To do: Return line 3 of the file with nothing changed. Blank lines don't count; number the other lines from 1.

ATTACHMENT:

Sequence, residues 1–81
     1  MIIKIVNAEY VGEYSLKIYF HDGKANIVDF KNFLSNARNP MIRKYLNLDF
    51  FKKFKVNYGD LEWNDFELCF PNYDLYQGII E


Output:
    51  FKKFKVNYGD LEWNDFELCF PNYDLYQGII E